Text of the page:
Fatty acid biomarkers in three species inhabiting a high latitude Patagonian fjord (Yendegaia Fjord, Chile)
Ruiz Ruiz, Paula A.
Contreras Quintana, Sergio
Urzúa Osorio, Ángel Gabriel
DescriptionArtículo de publicación ISI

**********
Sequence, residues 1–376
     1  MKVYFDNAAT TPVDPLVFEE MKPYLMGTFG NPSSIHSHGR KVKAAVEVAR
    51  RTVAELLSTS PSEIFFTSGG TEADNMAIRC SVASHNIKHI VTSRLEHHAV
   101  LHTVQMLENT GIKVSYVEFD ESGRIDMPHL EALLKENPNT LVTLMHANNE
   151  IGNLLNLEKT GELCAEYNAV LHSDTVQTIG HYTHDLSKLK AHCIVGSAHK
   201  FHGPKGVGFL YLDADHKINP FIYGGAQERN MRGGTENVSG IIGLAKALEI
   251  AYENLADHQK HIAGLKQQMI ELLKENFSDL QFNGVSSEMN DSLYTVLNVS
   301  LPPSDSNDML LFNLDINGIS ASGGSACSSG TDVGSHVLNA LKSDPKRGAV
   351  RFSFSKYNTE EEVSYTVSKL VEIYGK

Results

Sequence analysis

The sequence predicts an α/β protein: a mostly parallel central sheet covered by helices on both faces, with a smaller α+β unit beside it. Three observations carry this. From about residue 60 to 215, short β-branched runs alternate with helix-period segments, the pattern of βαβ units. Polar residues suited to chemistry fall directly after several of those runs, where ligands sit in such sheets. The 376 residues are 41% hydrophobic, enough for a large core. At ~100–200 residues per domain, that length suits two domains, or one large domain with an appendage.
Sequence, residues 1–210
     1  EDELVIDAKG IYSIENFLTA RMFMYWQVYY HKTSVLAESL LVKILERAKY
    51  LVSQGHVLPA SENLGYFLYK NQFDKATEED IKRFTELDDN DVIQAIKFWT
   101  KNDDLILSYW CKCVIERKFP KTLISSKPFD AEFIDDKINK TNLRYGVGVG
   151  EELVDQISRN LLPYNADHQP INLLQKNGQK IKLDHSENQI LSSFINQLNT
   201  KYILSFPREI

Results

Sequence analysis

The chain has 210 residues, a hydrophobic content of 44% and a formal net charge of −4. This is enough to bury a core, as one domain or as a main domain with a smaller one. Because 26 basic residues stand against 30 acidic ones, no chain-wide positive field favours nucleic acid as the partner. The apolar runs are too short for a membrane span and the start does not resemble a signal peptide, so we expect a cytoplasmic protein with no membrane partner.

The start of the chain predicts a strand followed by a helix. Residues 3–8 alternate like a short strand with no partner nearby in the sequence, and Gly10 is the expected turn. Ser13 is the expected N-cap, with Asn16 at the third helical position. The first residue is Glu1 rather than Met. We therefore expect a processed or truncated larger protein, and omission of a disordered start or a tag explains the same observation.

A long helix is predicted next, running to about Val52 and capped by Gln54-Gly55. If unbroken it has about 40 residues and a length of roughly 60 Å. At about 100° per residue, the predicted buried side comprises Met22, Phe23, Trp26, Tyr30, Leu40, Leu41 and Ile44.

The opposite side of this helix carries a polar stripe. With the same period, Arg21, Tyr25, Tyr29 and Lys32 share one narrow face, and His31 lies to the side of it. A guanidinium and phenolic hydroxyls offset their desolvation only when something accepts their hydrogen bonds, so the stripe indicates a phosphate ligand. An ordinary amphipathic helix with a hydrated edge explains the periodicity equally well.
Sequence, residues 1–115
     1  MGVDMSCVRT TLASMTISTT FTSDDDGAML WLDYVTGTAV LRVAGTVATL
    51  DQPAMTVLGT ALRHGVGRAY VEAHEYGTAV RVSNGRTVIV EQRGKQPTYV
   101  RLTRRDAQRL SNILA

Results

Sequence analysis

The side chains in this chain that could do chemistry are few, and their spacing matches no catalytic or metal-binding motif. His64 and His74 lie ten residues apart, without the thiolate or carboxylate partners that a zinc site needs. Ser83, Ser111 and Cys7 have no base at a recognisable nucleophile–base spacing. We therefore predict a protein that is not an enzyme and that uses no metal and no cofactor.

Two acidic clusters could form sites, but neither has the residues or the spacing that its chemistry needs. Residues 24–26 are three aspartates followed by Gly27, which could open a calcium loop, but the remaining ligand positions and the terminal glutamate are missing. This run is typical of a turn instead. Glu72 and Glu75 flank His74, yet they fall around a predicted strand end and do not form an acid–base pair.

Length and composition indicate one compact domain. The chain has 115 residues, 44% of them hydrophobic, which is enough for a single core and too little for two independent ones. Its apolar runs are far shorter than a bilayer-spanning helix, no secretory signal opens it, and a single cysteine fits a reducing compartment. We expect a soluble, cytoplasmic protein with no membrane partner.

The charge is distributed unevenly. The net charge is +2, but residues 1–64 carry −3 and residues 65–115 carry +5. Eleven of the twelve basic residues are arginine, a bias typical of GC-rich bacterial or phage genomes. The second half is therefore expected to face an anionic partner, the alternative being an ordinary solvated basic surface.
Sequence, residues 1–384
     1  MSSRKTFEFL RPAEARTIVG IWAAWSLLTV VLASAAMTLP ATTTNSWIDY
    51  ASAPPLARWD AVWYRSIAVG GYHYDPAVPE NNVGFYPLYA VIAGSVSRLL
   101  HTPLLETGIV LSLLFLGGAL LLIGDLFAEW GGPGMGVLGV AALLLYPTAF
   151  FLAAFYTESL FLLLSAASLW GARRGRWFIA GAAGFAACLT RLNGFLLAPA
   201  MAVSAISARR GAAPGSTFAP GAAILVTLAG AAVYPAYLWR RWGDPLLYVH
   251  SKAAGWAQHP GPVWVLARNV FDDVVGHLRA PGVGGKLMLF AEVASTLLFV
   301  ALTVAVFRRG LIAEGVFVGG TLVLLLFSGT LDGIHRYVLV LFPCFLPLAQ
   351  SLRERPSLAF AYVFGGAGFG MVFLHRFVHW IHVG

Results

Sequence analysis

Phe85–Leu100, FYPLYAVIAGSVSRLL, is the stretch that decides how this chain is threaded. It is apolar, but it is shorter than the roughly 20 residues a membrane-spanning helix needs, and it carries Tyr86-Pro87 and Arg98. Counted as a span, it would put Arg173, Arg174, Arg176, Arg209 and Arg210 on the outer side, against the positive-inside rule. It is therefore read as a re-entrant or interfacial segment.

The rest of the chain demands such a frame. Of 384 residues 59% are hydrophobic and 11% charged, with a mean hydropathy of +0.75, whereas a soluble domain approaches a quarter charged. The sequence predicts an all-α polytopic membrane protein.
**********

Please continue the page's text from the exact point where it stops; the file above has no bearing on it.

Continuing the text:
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The study of fatty acid biomarkers in trophic structures at sub-polar latitudes is fundamental in describing energy fluxes across ecosystems characterized by complex inter-specific interactions. Due to the presence of certain essential fatty acids obtained exclusively from predator–prey interactions, fatty acid biomarkers are widely used to identify trophic interactions. This study analyzed fatty acid compositions in three species inhabiting a relatively pristine Patagonian fjord. This fjord is geographically difficult to access, so there are very little sampling opportunities, biological and oceanographic information. In the three species collected (Ctenodiscus australis (Loven in Lütken 1871) (Echinodermata, Asteroidea, Ctenodiscidae); Munida gregaria (Fabricius 1793) (Arthropoda, Malacostraca, Munididae); Eleginops maclovinus (Cuvier 1830) (Chordata, Actinopterygii, Eleginopsidae)) along this remote area were evaluated their fatty acid trophic markers as a tool to differentiate dietary components and dietary habits. The study reported significant differences in the amount of saturated fatty acids (SFA), monounsaturated fatty acids (MUFA), and polyunsaturated fatty acids (PUFA), with the highest concentrations of all fatty acids in M. gregaria. The last suggests that M. gregaria is considered as a good quality food source or biological component that might support the fjord trophic web in the Southern Hemisphere. The results describe diet compositions in sampled species, and differences among species for fatty acid compositions and proportions. This provides an initial basis for future modeling or projecting how benthic ecosystems of fjords and Patagonian channels respond to food intake, particularly in environments associated with glacial systems characterized by a low phytoplankton biomass and greater sensitivity to climate variability.